Recently in In Re Dionisio, 442 F.2d 276, 279 (7th Cir. 1971), we held that a grand jury subpoena " [c]ompelling a person to furnish an exemplar of his voice is as much within the scope of the fourth amendment as is compelling him to produce his books and papers."5 Fraser relies on Katz v. United States, 389 U.S. 347, 88 S. Ct. 507, 19 L. Ed. 2d 576, for the proposition that there is no difference between compelled oral testimony and the seizure of tangible items, so that, he contends, Dionisio requires us to extend the Fourth Amendment requisite of probable cause to the grand jury subpoena commanding him to testify.
In Katz the Fourth Amendment was held applicable to FBI recordings of telephone conversations overheard by means of an electronic listening device attached to the outside of a public telephone booth.6 While the Court held that the Fourth Amendment governs not only the seizure of tangible items, but extends as well to the recording of oral statements, 389 U.S. at 353, 88 S. Ct. at 510, it emphasized that "the Fourth Amendment cannot be translated into a general constitutional 'right to privacy"' and that the Fourth Amendment protects individual privacy against only "certain kinds of governmental intrusion." 389 U.S. at 350, 88 S. Ct. 507.
A grand jury subpoena to testify is not that kind of governmental intrusion on privacy against which the Fourth Amendment affords protection, once the Fifth Amendment is satisfied. This conclusion follows from the purposes and modus operandi of the Grand Jury, a bedrock institution in Anglo-American law.7 In Blair v. United States, 250 U.S. 273, 281, 39 S. Ct. 468, 471, 63 L. Ed. 979, these considerations prompted Mr. Justice Pitney to state that the giving of testimony and the attendance upon a grand jury in order to testify are public duties which every person "within the jurisdiction of the Government is bound to perform upon being properly summoned * * *." Speaking of grand jury witnesses, he pointed out (at p. 282, 39 S. Ct. at p. 471):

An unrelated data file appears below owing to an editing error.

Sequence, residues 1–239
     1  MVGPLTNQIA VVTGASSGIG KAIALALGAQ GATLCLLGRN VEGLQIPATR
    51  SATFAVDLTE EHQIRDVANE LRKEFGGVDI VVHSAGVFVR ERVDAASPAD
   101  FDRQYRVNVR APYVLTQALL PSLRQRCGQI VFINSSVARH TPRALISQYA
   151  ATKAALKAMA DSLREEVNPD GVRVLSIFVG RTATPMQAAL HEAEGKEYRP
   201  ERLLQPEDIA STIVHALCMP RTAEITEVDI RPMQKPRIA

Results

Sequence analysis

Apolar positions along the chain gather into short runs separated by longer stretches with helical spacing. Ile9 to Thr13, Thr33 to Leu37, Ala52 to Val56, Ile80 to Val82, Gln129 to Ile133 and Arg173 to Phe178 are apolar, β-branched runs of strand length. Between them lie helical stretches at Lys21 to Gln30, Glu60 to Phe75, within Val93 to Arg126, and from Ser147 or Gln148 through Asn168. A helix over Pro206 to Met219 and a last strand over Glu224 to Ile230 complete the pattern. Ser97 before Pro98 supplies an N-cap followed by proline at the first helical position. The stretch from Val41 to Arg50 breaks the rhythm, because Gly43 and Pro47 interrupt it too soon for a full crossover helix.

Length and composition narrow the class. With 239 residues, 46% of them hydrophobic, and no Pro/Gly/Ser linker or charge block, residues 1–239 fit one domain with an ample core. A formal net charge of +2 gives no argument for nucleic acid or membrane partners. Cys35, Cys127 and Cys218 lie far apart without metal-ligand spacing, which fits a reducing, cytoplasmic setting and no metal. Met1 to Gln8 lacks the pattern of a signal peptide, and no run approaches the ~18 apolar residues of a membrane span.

"He [the witness] is not entitled to set limits to the investigation that the grand jury may conduct. The Fifth Amendment and the statutes relative to the organization of grand juries recognize such a jury as being possessed of the same powers that pertained to its British prototype, and in our system examination of witnesses by a grand jury need not be preceded by a formal charge against a particular individual. Hale v. Henkel, 201 U.S. 43, 65 [26 S. Ct. 370, 50 L. Ed. 652]. It is a grand inquest, a body with powers of investigation and inquisition, the scope of whose inquiries is not to be limited narrowly by questions of propriety or forecasts of the probable result of the investigation, or by doubts whether any particular individual will be found properly subject to an accusation of crime. As has been said before, the identity of the offender, and the precise nature of the offense, if there be one, normally are developed at the conclusion of the grand jury's labors, not at the beginning. Hendricks v. United States, 223 U.S. 178, 184 [32 S. Ct. 313, 56 L. Ed. 394]."
Accordingly we reject Fraser's argument that the Fourth Amendment requires a showing of probable cause or reasonableness before he may be compelled to testify before the Grand Jury. In In Re Dionisio, supra, 442 F.2d at 281, the very case on which Fraser relies, this Court rejected such a proposed extension of Fourth Amendment protection, specifically pointing out "that the grand jury does not need probable cause to subpoena witnesses" to compel their testimony. This accords with a similar ruling of the Ninth Circuit in United States v. Weinberg, 439 F.2d 743, 749 (1971), where Judge Hamley stated, "but compelled grand jury testimony is neither a search for, nor a seizure of, oral statements in the sense envisioned by the Fourth Amendment." He relied on the following statement, which we also approve, in In Re Grand Jury Witnesses, 322 F. Supp. 573, 576 (N.D. Cal. 1970),